Innovation Hall: Profiting by the Past, Providing for the Future

Hine Hall Auditorium, IUPUI

Tuesday, April 23, 2019

IU President Michael A. McRobbie speaks during the groundbreaking ceremony for Innovation Hall at IUPUI. Photo by Liz Kaye, Indiana University

Introduction

Charles Klauder, an architect who designed many university buildings around the country, including the magnificent and iconic Cathedral of Learning at the University of Pittsburgh, once wrote that colleges and universities are particularly well suited to reap the benefits of forethought and skill in planning.

"Nowhere is it more essential," he wrote, "to have the physical plant beautiful and well-knit together; nowhere should it be more feasible to enlist the careful thought of well-trained minds, to weigh and reconcile all component parts, to profit by the past, to measure accurately the present, (and) to forecast the future as well as it can be forecast…"1

Today, as we symbolically break ground for Innovation Hall, we note that Indiana University and the IUPUI campus truly have “enlisted the careful thought of well-trained minds” in order to profit by the past, to measure accurately the present, and to forecast—and make provisions for—the future.

Enlisting the careful thought of well-trained minds

Some years ago, over a period of many months, faculty, students, staff, administrators, and local community leaders—many of whom are here today—gave extensive input to the Master Plan for IUPUI, which was completed and approved in its final form by the IU Board of Trustees in 2012. During the planning process, considerable effort was made to maximize collaboration and inclusiveness. The resulting Master Plan was—and is—a superb blueprint for the future development of this campus.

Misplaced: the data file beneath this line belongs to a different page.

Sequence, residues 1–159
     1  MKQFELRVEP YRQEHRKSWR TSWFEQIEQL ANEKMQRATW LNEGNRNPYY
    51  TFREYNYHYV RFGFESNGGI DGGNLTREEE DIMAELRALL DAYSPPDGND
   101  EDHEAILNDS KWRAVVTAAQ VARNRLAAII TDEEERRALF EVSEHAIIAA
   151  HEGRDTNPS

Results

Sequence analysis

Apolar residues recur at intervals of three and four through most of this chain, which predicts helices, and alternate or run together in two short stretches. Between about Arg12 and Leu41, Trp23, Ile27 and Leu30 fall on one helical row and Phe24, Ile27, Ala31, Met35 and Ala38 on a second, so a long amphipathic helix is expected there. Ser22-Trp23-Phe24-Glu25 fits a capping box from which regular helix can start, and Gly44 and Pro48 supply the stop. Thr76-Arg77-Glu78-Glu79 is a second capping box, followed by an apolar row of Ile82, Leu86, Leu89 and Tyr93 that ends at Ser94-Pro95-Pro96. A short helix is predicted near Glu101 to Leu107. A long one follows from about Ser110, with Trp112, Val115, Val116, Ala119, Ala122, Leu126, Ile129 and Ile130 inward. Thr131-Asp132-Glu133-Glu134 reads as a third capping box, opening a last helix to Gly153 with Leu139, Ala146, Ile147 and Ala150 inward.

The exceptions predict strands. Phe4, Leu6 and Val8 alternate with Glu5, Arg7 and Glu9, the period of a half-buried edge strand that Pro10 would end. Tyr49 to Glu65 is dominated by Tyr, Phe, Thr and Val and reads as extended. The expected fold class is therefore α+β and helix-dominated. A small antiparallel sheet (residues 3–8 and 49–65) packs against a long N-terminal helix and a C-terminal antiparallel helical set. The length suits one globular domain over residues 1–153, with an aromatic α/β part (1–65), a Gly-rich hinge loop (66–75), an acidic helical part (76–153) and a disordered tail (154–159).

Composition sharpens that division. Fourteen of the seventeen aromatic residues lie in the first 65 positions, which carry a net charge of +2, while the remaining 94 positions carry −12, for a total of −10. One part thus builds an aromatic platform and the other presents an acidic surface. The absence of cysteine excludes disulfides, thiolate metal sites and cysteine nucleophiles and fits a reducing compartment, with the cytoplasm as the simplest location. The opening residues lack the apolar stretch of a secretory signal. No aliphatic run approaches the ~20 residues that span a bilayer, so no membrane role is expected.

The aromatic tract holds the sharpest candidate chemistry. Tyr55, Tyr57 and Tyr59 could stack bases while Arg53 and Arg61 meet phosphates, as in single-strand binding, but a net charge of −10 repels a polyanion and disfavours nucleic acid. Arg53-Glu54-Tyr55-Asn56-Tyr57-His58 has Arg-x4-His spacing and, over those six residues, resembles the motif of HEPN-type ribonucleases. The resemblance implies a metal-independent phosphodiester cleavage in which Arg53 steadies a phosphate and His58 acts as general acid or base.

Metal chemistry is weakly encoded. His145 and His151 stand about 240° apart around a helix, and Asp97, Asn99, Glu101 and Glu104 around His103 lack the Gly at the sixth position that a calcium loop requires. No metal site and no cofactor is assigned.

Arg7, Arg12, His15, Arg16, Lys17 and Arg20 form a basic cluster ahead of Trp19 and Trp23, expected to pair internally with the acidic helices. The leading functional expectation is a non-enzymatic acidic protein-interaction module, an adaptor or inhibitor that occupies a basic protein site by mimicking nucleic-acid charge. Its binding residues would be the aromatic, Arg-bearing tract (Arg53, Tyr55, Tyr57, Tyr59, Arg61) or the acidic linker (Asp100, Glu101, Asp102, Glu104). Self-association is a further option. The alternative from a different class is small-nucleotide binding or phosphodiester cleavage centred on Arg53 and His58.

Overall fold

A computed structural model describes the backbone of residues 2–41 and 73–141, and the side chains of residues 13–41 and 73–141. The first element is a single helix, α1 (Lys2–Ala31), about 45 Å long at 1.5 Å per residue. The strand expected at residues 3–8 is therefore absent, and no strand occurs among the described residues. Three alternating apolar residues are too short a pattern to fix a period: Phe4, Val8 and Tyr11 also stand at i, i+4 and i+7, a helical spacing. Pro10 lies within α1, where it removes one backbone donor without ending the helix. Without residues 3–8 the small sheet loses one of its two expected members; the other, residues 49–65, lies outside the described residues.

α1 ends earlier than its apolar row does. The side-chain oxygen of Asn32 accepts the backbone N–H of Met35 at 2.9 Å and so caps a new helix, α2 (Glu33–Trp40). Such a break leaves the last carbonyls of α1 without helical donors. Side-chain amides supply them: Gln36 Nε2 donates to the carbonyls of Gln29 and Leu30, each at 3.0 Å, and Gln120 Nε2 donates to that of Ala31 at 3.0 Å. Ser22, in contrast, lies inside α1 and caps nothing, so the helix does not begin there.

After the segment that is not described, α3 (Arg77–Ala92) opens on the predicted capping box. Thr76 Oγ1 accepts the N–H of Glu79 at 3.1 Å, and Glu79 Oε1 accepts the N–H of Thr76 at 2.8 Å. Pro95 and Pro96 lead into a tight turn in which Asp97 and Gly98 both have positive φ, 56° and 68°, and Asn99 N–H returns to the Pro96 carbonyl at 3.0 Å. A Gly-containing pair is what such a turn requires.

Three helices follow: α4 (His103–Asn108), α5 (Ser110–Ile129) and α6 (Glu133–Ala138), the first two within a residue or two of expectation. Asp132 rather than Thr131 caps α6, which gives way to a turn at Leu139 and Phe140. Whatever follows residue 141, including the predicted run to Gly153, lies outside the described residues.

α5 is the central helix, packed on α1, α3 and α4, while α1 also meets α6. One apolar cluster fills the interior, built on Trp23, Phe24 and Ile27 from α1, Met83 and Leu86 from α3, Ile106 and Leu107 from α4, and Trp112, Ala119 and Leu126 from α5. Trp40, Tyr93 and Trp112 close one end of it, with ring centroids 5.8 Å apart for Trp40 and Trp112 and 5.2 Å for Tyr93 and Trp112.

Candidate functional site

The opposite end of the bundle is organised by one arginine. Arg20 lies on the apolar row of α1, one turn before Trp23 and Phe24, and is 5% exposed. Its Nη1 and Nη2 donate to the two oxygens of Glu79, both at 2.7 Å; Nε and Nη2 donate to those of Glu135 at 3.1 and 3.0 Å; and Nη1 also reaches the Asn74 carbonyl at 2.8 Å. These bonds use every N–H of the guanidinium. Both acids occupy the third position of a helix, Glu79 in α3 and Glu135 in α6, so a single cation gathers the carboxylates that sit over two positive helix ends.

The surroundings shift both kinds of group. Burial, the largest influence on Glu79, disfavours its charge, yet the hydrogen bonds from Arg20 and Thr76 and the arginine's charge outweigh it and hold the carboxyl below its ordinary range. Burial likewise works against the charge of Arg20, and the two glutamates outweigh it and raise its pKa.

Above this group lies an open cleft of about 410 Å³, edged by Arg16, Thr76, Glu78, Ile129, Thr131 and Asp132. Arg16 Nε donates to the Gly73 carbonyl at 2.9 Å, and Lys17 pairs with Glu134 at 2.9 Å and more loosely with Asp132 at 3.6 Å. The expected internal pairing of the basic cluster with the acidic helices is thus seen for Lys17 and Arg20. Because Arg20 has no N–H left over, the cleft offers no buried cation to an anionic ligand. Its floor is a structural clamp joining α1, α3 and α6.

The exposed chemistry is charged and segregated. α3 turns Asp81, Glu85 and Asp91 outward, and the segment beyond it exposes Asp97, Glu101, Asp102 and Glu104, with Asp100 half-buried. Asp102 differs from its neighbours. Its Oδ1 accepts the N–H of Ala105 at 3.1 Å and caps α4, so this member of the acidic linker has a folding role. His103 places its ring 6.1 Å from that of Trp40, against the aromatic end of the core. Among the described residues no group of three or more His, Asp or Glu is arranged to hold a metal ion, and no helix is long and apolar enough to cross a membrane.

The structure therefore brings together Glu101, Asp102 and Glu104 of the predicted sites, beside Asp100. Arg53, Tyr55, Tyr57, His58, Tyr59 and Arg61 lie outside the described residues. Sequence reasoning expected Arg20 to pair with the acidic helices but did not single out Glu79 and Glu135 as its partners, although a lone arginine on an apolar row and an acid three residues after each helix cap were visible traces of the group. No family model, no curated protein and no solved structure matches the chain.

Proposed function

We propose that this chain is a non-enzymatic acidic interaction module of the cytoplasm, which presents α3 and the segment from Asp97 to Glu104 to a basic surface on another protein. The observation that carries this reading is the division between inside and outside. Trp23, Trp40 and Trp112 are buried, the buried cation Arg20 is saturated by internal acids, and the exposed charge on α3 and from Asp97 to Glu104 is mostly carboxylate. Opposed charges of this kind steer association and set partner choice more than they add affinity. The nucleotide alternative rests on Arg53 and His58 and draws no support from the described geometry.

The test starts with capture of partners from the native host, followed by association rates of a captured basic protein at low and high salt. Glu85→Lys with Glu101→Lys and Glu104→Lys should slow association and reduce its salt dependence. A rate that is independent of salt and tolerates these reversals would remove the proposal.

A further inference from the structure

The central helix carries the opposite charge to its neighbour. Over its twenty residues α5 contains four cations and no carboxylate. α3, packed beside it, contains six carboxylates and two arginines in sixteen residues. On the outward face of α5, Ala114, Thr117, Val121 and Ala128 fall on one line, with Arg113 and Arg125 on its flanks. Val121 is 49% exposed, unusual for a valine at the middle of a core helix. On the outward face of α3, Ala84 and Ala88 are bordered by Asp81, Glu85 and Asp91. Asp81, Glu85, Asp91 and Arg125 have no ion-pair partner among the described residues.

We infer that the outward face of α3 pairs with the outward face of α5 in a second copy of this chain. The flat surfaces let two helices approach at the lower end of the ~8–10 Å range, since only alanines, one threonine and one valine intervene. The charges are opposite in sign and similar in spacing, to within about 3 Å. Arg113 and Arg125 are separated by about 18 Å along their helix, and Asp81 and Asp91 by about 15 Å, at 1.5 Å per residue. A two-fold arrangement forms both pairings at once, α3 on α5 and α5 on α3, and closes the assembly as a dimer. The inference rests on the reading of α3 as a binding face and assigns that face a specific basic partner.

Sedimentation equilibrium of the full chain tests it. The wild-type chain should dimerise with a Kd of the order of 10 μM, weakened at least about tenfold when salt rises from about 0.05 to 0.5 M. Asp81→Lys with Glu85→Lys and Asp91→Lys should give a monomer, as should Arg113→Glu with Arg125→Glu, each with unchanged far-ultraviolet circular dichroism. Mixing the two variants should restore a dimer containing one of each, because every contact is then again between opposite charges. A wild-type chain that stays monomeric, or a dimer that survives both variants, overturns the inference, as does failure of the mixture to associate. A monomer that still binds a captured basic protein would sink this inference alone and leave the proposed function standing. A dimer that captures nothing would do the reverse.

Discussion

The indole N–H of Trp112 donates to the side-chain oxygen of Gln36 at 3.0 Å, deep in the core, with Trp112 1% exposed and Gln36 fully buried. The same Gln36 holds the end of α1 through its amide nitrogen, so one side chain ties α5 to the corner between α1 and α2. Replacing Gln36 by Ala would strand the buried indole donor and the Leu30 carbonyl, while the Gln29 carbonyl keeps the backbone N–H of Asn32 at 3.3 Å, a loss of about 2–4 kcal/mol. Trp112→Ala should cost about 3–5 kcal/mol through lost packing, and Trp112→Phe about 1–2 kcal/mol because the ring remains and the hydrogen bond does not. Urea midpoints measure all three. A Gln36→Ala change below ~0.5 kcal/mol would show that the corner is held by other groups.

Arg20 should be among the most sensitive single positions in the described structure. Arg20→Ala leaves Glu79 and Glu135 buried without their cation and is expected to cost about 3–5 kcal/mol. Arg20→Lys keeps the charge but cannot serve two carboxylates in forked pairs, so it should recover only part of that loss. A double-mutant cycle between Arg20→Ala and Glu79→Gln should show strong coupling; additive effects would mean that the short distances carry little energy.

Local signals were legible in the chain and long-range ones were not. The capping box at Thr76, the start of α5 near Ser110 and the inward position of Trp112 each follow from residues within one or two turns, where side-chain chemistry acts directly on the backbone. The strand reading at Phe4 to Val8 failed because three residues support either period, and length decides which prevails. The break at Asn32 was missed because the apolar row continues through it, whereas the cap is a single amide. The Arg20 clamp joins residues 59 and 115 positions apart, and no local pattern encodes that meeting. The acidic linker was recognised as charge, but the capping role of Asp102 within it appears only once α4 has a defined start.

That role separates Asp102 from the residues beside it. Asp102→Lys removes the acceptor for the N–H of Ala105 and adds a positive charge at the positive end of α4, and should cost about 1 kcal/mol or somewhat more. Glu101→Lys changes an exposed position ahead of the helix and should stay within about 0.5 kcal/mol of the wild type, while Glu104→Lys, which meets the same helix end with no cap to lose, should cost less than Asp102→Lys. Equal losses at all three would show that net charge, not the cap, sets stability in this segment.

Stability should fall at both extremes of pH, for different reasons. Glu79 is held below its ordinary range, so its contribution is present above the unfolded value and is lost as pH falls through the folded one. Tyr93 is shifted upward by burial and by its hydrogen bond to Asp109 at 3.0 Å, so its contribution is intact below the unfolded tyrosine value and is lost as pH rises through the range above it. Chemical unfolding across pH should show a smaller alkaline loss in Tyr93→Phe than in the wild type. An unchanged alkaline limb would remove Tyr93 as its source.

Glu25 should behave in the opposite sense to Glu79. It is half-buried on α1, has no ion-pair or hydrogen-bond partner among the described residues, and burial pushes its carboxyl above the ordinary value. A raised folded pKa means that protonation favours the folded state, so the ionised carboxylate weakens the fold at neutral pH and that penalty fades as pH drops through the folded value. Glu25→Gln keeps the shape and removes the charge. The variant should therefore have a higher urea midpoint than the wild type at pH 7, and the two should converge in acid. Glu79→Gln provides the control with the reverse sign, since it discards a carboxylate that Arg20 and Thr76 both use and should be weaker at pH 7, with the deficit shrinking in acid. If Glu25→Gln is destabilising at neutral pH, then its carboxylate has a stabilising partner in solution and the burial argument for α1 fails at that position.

One important area addressed by the Master Plan was the quality of teaching and research space on the campus. It called for the addition of future research and instruction space that facilitates interdisciplinary collaboration and interaction through group work and active learning, as well as physical integration of programs within buildings.

Innovation Hall will be just such a space, providing much-needed research and classroom space that will accommodate the growth of the three schools whose programs it will house.

Profiting by the past

In planning for this splendid new facility, we have also, fittingly, "profited by the past" of a campus that has, over the last 50 years, firmly established itself nationally as a thriving urban research campus.

The IUPUI Master Plan also recommended that future campus buildings be designed in a way that promotes architectural unity and establishes a sense of place.

Innovation Hall, whose exterior design will harmonize with existing campus landmarks including the Campus Center and the James J. Fritts D.D.S. Clinical Care Center, will strengthen the overall character of the campus.